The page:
If I could summarise the next decade: it will be ten years of very interesting times. Of difficult, complex systems problems that will demand deeper thinking, more reading, nuanced approaches.
Origen: 🔮 Preparing for 2030 #251
My suggestions for the shape of the next decade are based on what I consider a roughly optimistic reading of those choices. I’d welcome your comments, particularly from members, below.
- Climate change will be the dominant narrative.
- Our geopolitics will continue to fragment and this will result in more conflict.
- In what we have generally thought of as the West, we’ll rethink the shape and purpose of our economies.
- We’ll see the rise of new digital commons, economic institutions that are neither public- nor private- sector.
- World trade will face a troika of headwinds.
- Cities will become relatively more important.
- We’ll eat far less meat.
- The big tech companies, particularly Facebook, Google and Amazon, will work aggressively to increase their footprint
- AI will be everywhere
- During the 2020s there will be a generational shift.As The Economistpointed out, ‘generational replacement is what shifts public opinion.’
What didn’t I talk about in the ten points above?
I couldn’t speak about the change in the nature of science, how the combination of computation, better search algorithms and data allows for a new type of empirically driven discovery and could herald a new age of rapid scientific discovery. I didn’t get a chance to talk about the potential for blockchain to enable new types of decentralised apps, or the increasing use of state-backed and independent cryptocurrencies. Nor did we speak about the scale of disruption that will hit incumbent firms in sectors beyond media and retail, but reaching deep into finance, transport, energy and beyond. And thus, concomitantly, the opportunity for entrepreneurs to craft new propositions.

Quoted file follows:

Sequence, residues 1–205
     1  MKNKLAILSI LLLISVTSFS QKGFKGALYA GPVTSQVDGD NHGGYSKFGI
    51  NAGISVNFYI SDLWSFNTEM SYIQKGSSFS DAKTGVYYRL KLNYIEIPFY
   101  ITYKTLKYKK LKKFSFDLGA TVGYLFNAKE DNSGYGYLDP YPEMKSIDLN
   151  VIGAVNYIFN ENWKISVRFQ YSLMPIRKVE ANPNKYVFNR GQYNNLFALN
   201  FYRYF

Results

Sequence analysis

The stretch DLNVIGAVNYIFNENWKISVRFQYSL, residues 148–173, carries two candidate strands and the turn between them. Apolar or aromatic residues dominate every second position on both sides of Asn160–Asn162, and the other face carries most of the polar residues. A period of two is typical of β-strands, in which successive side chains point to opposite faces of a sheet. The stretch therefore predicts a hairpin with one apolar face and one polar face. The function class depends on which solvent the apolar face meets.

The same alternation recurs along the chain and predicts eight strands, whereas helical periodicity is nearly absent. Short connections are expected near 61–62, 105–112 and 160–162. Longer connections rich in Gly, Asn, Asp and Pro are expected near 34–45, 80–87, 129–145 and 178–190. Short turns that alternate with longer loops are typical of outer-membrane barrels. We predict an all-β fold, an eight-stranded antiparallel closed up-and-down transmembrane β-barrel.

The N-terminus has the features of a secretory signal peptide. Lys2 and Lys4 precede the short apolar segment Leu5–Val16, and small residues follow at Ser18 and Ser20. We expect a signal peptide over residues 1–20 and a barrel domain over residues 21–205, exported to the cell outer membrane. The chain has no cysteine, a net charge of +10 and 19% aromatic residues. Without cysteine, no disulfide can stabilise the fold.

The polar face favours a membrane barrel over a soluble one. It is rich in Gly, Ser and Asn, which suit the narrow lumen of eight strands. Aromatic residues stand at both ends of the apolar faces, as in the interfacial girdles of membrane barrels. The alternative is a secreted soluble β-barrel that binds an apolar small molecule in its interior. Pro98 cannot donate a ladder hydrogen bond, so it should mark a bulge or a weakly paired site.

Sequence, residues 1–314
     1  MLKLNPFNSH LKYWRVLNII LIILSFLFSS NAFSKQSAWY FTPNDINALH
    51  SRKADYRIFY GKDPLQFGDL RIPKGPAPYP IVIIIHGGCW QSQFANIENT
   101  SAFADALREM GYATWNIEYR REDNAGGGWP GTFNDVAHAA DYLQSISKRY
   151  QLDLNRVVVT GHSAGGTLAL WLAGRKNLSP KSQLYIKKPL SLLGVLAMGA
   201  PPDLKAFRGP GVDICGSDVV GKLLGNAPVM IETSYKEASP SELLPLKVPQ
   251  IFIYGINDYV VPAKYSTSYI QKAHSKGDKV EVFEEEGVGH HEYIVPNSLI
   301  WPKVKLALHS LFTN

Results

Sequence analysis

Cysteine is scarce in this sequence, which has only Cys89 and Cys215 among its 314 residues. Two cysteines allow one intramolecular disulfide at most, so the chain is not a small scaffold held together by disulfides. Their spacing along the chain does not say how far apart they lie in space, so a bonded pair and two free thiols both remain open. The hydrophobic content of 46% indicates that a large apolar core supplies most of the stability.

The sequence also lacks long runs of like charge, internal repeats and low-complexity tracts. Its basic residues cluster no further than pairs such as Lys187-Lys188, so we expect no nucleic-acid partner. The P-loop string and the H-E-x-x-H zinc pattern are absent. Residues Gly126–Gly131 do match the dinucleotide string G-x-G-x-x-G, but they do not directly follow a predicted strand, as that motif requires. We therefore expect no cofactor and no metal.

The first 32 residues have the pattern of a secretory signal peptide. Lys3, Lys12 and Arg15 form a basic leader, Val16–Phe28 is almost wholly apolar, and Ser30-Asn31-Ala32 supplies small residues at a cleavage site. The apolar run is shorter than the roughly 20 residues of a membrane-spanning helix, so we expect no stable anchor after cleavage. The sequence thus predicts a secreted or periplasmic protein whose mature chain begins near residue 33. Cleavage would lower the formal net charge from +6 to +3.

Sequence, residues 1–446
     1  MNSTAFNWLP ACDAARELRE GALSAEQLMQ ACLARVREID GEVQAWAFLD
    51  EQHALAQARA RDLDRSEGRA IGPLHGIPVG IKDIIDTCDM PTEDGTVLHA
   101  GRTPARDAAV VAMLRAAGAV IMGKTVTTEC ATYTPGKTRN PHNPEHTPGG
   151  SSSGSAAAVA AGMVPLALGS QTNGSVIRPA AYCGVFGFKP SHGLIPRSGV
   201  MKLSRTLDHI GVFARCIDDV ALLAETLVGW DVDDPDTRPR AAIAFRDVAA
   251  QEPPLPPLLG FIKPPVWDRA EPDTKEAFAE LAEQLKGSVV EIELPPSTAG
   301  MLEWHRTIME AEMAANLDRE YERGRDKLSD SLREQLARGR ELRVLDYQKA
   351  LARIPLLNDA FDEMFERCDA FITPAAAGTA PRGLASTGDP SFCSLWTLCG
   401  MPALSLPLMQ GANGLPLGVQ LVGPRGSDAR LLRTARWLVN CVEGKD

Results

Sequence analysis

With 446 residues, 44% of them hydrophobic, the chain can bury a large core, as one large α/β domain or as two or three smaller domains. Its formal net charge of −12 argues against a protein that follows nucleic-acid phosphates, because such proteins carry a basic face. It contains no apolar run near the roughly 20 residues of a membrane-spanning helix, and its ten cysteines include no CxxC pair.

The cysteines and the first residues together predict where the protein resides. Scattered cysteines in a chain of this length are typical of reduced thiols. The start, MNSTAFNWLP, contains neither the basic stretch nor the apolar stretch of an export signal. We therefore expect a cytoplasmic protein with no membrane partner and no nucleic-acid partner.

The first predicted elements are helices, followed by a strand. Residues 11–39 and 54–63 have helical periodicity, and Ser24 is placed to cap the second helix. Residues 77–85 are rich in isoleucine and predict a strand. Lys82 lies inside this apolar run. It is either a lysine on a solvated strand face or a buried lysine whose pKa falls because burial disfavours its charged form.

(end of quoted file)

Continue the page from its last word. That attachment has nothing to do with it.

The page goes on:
I also didn’t have a chance to really zero in on what the new rules and norms of the coming exponential age need to be. In the face of all-seeing algorithmic systems, how we need to rethink the nature and extent of individual rights and the processes by which we protect them. Or what our intellectual property laws should look like as our economies continue their rapid shift towards intangible rather than tangible assets. As work shifts away from the bundle of full-time employment and a welfare net, a new, post-Fordist bundle will be required—I didn’t discuss this in my predictions (but you can hear a great conversation about it here.) Nor did I say much about the nature of identity-driven politics vs. cosmopolitanism, although I reckon that the underlying technologies favour homophily rather than integration.
I didn’t talk about inequality. I expect that globally fiscal policies will move to roughly tackle economic inequality. However the rapid rate of innovation will mean that improved products and services will be made available at a faster rate to those capable of paying. Some of those services, particularly those relating to healthcare (and genomics), education, and wealth management, will allow the very well-positioned to cement structural advantages across generations well beyond any increases in their tax burden.
At more than 2,400 words, I feel like I’ve gone on for long enough. If I could summarise the next decade: it will be ten years of very interesting times. Of difficult, complex systems problems that will demand deeper thinking, more reading, nuanced approaches. We’ll need to stand up against agnotological cynicism and simplism, both of which anaesthetise our human capacities. I hope we will be able to!